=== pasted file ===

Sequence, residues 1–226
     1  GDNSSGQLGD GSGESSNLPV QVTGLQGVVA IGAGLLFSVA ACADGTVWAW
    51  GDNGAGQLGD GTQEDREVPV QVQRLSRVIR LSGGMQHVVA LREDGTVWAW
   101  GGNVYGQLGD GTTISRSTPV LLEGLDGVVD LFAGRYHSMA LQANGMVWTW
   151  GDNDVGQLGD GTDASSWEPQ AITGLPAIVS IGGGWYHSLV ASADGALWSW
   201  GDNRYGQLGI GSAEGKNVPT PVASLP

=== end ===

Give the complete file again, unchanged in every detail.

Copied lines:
Sequence, residues 1–226
     1  GDNSSGQLGD GSGESSNLPV QVTGLQGVVA IGAGLLFSVA ACADGTVWAW
    51  GDNGAGQLGD GTQEDREVPV QVQRLSRVIR LSGGMQHVVA LREDGTVWAW
   101  GGNVYGQLGD GTTISRSTPV LLEGLDGVVD LFAGRYHSMA LQANGMVWTW
   151  GDNDVGQLGD GTDASSWEPQ AITGLPAIVS IGGGWYHSLV ASADGALWSW
   201  GDNRYGQLGI GSAEGKNVPT PVASLP